In its latest report about Serbia, released on 8th November, the European Commission warns of the country being a deeply polarized society, especially following the tragic mass shootings in early May.
“Debates in Parliament were marked by tensions between the ruling majority coalition and the opposition. The Parliament has no annual work plan and most of its sessions were called with the minimum advance notice of 24 hours, which should only be used in exceptional circumstances. The code of conduct was not systematically applied, and the frequent use of inflammatory language was not penalised. Sanctions and fines were only issued to opposition MPs. Parliamentary Rules of Procedure need to be modernised, and the code of conduct applied to address offences by Members of Parliament”, the report says.
As for judicial reform and the current situation in the Serbian judiciary, the report notes that “some progress was made during the reporting period. Serbia took an important step towards strengthening the independence and accountability of the judiciary with the timely adoption of most of the implementing legislation giving practical effect to the 2022 constitutional amendments, while two of the implementing laws still need to be adopted: the Law on Judicial Academy and the Law on Seats and Territorial Jurisdiction of Courts.”
In terms of the fight against corruption, Serbia has made some, albeit limited progress. The report states that “steps have been taken that aimed at further implementing the recommendations of the Council of Europe’s Group of States against Corruption (GRECO) in the area of prevention of corruption. There was a slight increase in the number of new investigations and final convictions in high-level corruption cases, but the number of new indictments fell.”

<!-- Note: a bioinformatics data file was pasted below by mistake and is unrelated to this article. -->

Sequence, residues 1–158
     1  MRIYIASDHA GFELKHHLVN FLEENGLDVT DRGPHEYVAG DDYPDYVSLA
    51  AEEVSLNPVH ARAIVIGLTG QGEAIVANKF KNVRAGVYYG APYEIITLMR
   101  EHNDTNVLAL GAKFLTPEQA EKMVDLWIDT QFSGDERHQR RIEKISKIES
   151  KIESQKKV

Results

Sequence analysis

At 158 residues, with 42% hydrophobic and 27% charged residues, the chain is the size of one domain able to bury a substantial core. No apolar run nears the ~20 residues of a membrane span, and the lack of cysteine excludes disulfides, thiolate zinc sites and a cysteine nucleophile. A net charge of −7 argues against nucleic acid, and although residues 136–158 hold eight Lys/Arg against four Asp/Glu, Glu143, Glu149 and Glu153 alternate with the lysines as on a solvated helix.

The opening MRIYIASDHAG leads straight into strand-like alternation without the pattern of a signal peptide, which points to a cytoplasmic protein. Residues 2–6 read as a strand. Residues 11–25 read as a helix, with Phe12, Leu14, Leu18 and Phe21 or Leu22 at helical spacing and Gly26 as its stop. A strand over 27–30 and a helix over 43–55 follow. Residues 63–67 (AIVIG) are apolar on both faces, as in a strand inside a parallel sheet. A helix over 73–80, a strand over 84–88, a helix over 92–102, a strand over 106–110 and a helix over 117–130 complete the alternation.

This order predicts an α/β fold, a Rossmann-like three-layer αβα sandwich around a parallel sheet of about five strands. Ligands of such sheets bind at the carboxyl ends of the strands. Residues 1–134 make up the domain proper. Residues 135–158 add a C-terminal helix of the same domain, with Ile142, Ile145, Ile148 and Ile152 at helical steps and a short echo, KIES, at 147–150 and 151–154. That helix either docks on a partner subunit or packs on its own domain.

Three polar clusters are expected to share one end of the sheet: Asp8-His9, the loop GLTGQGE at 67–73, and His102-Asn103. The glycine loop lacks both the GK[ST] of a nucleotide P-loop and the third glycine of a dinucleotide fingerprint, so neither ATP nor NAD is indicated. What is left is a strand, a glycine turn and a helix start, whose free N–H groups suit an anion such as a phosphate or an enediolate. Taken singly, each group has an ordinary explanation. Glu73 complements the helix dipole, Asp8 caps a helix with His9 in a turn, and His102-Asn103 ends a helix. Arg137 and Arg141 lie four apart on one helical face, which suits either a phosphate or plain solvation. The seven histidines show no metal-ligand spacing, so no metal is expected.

Limited progress was made in terms of freedom of expression too. The report said that the police and prosecution reacted swiftly to several cases of attacks and threats, working with the standing working group on the safety of journalists. “However, cases of threats, intimidation, hate speech and violence against journalists remain a concern, as is the increase of strategic lawsuits against public participation (SLAPP), notably launched by members of national and local authorities, that may produce a chilling effect including self-censorship,” it added.
“Serbia is at a good level of preparation and has made some progress in developing a functioning market economy,” the report said adding that the state retains a strong footprint in the economy with a private sector underdeveloped and hampered by weaknesses in the rule of law, in particular corruption and judicial inefficiency, and in the enforcement of fair competition. Serbia is moderately prepared and has made some progress in coping with competitive pressure and market forces within the EU, the report said.
“On good neighbourly relations and regional cooperation, Serbia remained committed overall to maintaining good bilateral relations with other candidate countries, potential candidates and neighbouring EU Member States. Relations with Croatia improved. Relations with Hungary have further intensified. In general, Serbia actively participates in regional cooperation,” the progress report said.
“Serbia should also abstain from introducing unilateral trade-restrictive measures without prior consultation of the Commission, in line with its obligations under the Stabilisation and Association Agreement. Serbia continued not to align with EU restrictive measures against Russia and the majority of declarations by the High Representative on behalf of the EU on this matter,” the report added.
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